I work around drunk people. I always have. My earliest jobs were as a musician in nightclubs. I once played piano in a dive bar where I was told by the owner that if any customers wanted to sing, I had to play along with them, no matter how wasted they were. One guy kept boozily screaming at me to play “Melancholy Baby.” So I did. And just as he began to slur the words into the smelly microphone, he turned, woozy, and screamed, “That’s not merrrllncurly berby!”
And the owner got mad at me.
Later, as a sportswriter, I waded deeper into the booze pool. People drank in parking lots on my way in. People passed out in parking lots on my way home.
I wandered through Final Four postgame parties, Bourbon Street during Super Bowl week, Las Vegas during prizefights. I’ve seen a drunken barefoot woman step on broken glass and dunk her bleeding foot into a cup of beer. I’ve seen semi-naked fans howling as police carted them off. I found a drunken man sleeping inside my rental car.
I’ve covered countless stories of athletes, friends of athletes and victims of athletes killed by drunken driving, jailed for drunken diving or nailed for drunken stupidity – usually committed in the wee hours of the morning.
So when I read state legislators are considering a bill to keep our bars and restaurants open until 4 a.m. in certain central business districts, I don’t scream, point fingers or rail. I do what I always do.
I brace myself.
Another money grab
“We would be attracting more of the type of people who are going for the entertainment type of lifestyle,” Detroit bar and restaurant owner Nico Gatzaros told legislators considering this bill.
No, you wouldn’t. You would be attracting people who want to stay out later and drink longer. If that’s the “entertainment lifestyle,” then just say so. This is only – and ever only – about money, selling more alcohol, the biggest profit margin in the bar and restaurant business, and making more money for the government by charging a $10,000 licensing fee for any establishment that wants to increase its hours.
It is not, as supporters claim, about competing with New York and Chicago. Let’s be frank. People will choose Detroit over New York and Chicago when there is as much to do here as there is in New York and Chicago – not because you can guzzle booze two hours longer.
Now, unlike many, I don’t immediately assume a 4 a.m. closing time will increase arrests, violence or death rates. I look around the world where this is the norm and see conflicting studies. In England, where they relaxed the drinking laws eight years ago, they apparently have seen the same amount of violence, just shifted to later times. But they have experienced a sharp increase in people skipping work, calling in sick or coming in late.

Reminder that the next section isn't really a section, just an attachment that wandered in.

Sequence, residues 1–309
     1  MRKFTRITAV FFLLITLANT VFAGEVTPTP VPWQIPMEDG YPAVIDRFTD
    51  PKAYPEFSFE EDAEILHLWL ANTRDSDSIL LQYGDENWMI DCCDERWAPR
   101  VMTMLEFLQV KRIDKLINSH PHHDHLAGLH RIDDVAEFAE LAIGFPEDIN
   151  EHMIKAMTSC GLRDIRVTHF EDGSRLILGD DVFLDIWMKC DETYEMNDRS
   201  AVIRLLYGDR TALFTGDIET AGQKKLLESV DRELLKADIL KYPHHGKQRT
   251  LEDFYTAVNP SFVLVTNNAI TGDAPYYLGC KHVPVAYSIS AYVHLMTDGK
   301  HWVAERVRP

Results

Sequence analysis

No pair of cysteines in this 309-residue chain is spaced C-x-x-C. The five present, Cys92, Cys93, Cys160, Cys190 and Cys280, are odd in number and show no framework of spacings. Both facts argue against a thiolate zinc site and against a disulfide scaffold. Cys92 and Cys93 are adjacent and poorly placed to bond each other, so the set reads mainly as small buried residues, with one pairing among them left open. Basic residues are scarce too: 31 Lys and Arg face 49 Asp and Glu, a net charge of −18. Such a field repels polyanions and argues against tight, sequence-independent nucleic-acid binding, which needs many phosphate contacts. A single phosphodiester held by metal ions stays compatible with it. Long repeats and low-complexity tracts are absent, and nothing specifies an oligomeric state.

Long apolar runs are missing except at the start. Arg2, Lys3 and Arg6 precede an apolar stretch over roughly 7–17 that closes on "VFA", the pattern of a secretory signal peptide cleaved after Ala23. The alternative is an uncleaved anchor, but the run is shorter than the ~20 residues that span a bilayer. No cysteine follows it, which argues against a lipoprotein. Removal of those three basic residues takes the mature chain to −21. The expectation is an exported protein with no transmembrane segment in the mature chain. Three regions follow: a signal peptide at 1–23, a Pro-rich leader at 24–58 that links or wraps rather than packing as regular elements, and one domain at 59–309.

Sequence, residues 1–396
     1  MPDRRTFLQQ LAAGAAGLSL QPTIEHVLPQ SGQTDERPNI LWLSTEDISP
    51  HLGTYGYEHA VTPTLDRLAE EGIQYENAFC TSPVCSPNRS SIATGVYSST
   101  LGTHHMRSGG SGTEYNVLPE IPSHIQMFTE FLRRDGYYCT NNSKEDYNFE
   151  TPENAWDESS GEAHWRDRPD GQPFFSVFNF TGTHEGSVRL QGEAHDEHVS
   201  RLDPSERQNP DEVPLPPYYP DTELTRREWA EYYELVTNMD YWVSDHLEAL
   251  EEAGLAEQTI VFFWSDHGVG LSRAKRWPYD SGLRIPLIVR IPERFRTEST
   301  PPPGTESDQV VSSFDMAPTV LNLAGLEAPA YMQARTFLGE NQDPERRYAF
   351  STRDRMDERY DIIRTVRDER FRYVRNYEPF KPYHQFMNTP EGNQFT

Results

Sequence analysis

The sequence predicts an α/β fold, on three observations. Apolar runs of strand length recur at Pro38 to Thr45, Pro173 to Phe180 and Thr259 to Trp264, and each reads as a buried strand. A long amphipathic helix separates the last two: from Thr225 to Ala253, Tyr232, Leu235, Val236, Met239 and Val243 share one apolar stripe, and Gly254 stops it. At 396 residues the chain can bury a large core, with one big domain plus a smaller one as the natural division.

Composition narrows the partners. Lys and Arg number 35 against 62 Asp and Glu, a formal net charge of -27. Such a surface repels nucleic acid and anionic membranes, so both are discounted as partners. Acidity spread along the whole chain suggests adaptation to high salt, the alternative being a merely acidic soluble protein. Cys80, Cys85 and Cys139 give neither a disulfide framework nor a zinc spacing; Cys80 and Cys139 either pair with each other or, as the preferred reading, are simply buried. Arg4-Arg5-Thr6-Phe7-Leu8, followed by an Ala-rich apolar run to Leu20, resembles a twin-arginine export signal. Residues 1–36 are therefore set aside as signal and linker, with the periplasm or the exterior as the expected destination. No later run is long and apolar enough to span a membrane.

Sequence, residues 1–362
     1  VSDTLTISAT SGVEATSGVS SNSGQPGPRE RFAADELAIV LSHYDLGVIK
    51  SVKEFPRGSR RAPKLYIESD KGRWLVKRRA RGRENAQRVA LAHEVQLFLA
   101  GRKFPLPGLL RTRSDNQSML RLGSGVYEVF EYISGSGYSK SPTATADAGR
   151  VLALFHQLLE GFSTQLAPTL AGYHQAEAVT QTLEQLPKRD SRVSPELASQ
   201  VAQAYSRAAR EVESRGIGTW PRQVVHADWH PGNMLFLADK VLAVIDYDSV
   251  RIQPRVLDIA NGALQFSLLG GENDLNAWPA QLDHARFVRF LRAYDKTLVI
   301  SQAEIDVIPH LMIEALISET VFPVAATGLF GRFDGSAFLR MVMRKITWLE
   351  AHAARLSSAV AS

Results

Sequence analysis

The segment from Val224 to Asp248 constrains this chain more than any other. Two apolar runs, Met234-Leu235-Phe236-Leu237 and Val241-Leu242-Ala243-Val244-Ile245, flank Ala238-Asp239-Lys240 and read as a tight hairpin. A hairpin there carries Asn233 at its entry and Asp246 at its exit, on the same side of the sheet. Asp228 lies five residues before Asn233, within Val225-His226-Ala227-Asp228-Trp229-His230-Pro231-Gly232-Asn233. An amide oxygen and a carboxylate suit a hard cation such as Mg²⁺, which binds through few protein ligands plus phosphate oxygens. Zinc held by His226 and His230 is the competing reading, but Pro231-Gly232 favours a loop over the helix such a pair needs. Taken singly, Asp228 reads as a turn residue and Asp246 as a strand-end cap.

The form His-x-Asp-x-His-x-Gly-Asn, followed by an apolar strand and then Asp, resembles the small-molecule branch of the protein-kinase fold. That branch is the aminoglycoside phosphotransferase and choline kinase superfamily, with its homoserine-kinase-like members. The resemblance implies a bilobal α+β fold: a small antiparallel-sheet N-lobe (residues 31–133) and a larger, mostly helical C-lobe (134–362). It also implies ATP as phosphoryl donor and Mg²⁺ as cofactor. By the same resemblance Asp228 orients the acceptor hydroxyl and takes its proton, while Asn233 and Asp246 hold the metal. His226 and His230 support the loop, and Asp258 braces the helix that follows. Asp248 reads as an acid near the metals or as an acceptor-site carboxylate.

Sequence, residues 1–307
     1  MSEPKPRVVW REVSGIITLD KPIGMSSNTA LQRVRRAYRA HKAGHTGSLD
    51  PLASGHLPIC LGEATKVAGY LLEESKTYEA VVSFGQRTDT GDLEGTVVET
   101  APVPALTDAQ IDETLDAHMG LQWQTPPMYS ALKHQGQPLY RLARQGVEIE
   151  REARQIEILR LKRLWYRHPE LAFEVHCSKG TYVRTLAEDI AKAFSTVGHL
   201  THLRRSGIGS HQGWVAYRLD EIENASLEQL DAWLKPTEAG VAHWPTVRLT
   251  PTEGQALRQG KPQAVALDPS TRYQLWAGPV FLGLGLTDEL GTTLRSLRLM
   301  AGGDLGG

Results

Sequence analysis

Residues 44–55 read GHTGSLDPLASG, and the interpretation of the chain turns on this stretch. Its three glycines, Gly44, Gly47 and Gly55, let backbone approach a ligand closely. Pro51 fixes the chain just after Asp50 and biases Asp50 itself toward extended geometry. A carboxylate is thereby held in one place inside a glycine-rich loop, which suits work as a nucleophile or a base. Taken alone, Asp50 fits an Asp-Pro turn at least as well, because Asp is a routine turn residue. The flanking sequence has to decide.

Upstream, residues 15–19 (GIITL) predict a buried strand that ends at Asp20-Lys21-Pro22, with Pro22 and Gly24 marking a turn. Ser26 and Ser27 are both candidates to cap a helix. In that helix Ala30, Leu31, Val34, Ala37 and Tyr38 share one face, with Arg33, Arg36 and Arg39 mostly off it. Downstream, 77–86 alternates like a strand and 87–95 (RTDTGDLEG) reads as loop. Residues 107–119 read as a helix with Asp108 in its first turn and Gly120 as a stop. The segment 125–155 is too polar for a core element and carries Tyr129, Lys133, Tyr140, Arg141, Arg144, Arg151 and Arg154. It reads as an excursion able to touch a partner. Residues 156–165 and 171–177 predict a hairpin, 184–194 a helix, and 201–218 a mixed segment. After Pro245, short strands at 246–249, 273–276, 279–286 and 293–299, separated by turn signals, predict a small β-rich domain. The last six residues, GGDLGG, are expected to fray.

That makes sense. You encourage late drinking, you encourage late arrivals. Do our cities really need to be less productive? Do we really need more alcohol consumed or more drunks on the roads later?
A deadline is a deadline
And that’s the thing. There is no great upside to this. People who say 4 a.m. closing times will decrease the number of people slamming drinks to beat a 2 a.m. deadline assume they won’t do the same two hours later. Unless they’re already sleeping on a bench in their own vomit.
Another scene I’ve witnessed many times.
Sure, individual Libertarians will yell, “It’s a free country, I can drink when I want.” Maybe that’s true. But let’s stop acting as if knocking back another vodka martini is somehow good for you. And doing what you want when it affects others is not the same as doing it at home. What about people coming into work between 4 a.m. and 5 a.m., of which there are many in our cities? What about our already taxed police forces? There is a reason this bill would allocate 85% of the license fees to local police departments.
As if money ever put an end to trouble.
Even with that, the bill is opposed by the Michigan Association of Chiefs of Police. The chiefs see it for what it is.
Keeping bars open until 4 a.m. doesn’t make you Barcelona. It just makes you a place to get drunk later. This bill, in the end, is about how we want our cities to be perceived. Sadly, by the time you are dipping your bloody foot in a cup of beer, you’re not too worried about perception.